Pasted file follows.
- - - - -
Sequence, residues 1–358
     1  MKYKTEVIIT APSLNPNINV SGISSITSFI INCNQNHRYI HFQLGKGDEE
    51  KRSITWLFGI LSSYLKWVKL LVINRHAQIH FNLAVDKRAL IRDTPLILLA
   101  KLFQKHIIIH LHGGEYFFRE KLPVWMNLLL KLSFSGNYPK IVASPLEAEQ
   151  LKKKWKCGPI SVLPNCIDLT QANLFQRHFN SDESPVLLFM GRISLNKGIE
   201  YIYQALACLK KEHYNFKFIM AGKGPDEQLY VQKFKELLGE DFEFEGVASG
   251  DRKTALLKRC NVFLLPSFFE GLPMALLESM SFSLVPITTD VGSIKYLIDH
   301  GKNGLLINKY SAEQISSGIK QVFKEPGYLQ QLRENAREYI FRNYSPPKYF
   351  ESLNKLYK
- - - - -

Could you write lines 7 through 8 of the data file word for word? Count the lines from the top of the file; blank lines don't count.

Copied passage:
   251  DRKTALLKRC NVFLLPSFFE GLPMALLESM SFSLVPITTD VGSIKYLIDH
   301  GKNGLLINKY SAEQISSGIK QVFKEPGYLQ QLRENAREYI FRNYSPPKYF